The 9 Windows Technique: A Powerful Tool for Problem-Solving and Innovation

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The 9 Windows Technique, also known as the "System Operator" or "Nine Boxes," is a powerful problem-solving and innovation tool rooted in the Theory of Inventive Problem Solving (TRIZ). This method was developed by Genrich Altshuller, a Soviet engineer and researcher, in the 1950s. The 9 Windows Technique is designed to help individuals and teams think systematically, break free from mental constraints, and gain a broader perspective on the problem at hand. In this post, we will delve into the 9 Windows Technique, its framework, and how to apply it effectively.

Understanding the 9 Windows Framework

The 9 Windows is a 3x3 matrix that visualizes a system across three dimensions: Time (Past, Present, Future) and System Level (Sub-system, System, Super-system). Here's how the matrix is structured:

Past Present Future
Super-system Past Present Future
System Past Present Future
Sub-system Past Present Future

Example:

In this example, we will analyze a simple safety incident in which an employee slips on the shop floor due to an oil spill. We will create a 9 Windows matrix to identify the factors contributing to the incident and potential solutions for preventing similar accidents in the future.

1. Sub-system (components of the system):

The sub-system focuses on the individual components related to cleaning, spill response materials, and signage. Analyzing the past, present, and future states of these components, we can identify areas for improvement, such as upgrading cleaning equipment, providing better spill response materials, and ensuring appropriate signage is in place.

  • Past: Outdated cleaning equipment, insufficient spill response materials, lack of signage
  • Present: Current cleaning equipment, available spill response materials, missing signage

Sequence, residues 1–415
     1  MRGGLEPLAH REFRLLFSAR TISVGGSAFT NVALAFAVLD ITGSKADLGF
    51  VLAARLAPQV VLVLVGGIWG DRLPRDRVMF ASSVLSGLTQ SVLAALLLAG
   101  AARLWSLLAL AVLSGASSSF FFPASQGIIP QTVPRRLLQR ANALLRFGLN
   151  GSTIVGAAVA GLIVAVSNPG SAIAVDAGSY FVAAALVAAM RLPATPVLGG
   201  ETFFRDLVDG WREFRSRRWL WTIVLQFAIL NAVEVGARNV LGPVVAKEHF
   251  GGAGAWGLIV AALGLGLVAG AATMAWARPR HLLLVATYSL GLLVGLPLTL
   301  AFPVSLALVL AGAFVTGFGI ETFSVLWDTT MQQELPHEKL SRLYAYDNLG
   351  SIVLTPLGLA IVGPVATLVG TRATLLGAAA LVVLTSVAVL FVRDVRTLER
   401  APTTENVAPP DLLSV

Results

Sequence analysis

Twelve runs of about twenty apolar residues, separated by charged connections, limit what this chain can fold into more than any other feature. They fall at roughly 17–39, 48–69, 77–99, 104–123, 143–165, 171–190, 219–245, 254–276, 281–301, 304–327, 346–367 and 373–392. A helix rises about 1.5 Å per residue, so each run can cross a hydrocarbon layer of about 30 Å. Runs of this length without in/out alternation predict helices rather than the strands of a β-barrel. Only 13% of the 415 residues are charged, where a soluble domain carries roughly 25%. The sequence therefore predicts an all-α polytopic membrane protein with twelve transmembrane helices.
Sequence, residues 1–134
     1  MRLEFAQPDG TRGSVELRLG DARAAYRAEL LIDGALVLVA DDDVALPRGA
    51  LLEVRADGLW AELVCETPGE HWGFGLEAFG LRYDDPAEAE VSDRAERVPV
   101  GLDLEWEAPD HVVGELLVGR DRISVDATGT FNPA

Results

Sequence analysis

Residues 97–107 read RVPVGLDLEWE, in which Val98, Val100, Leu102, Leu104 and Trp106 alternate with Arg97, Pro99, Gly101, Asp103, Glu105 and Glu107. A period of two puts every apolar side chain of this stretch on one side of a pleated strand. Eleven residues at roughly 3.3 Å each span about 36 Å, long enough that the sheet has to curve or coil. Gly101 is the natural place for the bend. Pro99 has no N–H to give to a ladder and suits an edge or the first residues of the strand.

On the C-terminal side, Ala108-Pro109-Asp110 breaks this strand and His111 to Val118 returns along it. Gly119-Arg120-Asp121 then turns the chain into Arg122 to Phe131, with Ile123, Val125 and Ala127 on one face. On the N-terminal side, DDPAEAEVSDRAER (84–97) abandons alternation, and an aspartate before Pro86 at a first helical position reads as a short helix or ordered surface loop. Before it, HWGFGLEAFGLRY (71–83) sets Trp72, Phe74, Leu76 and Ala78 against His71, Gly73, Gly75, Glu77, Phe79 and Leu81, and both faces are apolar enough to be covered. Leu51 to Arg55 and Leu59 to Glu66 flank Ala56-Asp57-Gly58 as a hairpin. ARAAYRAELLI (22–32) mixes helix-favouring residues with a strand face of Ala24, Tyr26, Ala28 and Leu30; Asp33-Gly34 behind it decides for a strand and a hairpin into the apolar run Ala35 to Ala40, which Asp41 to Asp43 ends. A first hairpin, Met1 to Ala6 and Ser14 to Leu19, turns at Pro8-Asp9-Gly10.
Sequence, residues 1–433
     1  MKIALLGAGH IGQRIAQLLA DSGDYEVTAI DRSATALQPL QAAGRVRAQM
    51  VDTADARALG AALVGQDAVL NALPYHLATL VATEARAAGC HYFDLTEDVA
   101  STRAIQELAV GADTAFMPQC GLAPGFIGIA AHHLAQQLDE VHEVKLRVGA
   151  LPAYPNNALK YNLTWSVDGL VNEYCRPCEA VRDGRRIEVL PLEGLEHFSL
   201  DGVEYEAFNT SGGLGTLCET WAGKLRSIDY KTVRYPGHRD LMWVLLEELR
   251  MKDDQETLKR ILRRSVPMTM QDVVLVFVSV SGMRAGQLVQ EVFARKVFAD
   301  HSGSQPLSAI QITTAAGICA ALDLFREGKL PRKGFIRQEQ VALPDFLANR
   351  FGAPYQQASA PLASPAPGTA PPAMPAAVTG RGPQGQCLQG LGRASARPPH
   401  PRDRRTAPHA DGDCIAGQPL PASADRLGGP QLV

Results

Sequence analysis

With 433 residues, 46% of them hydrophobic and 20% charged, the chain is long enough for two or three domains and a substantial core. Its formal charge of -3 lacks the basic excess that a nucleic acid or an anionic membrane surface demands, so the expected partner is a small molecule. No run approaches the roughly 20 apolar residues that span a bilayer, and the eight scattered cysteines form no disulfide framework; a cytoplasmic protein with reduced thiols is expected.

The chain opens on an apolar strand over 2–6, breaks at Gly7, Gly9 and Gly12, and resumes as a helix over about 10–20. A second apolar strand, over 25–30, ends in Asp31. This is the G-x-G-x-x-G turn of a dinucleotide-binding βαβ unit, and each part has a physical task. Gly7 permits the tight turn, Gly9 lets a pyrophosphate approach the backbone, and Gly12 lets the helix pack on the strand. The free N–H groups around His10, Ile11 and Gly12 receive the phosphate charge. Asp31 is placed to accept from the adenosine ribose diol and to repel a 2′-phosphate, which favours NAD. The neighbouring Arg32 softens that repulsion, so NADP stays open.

• Future: Upgraded cleaning equipment, improved spill response materials, appropriate signage

2. System (the main system):

At the system level, we consider the broader context of the shop floor's operations, including employee training and safety protocols. By examining the evolution of these factors, we can identify the need for enhanced employee training on spill response and the implementation of comprehensive safety protocols to prevent future slip incidents.

  • Past: Inadequate employee training on spill response, past slip incidents
  • Present: Current employee training on spill response, existing safety protocols
  • Future: Enhanced employee training on spill response, comprehensive safety protocols

3. Super-system (environment):

The super-system encompasses the external factors that impact the shop floor, including industry safety standards, company policies, and shop floor layout. Analyzing these factors over time helps us understand how the shop floor can adapt to evolving safety standards, update company policies, and optimize the layout to create a safer work environment.

  • Past: Historical industry safety standards, company policies, shop floor layout
  • Present: Current industry safety standards, company policies, shop floor layout
  • Future: Evolving industry safety standards, updated company policies, optimized shop floor layout
Past Present Future
Super-system
  • Historical industry safety standards
  • Company policies
  • Current industry safety standards
  • Company policies
  • Evolving industry safety standards
  • Updated company policies
System
  • Inadequate employee training on spill response
  • Past slip incidents
  • Slip incident due to oil spill
  • Existing safety protocols
  • Enhanced employee training on spill response
  • Comprehensive safety protocols
Sub-system
  • Insufficient spill response materials
  • Lack of signage
  • Oil spill on shop floor
  • Missing signage
  • Current cleaning equipment
  • Improved spill response materials
  • Appropriate signage
  • Upgraded cleaning equipment

Conclusion

The 9 Windows Technique is a valuable tool for fostering creativity, expanding perspectives, and addressing complex problems. By systematically analyzing a problem across time and system levels, this method can lead to innovative solutions that may have otherwise been overlooked.







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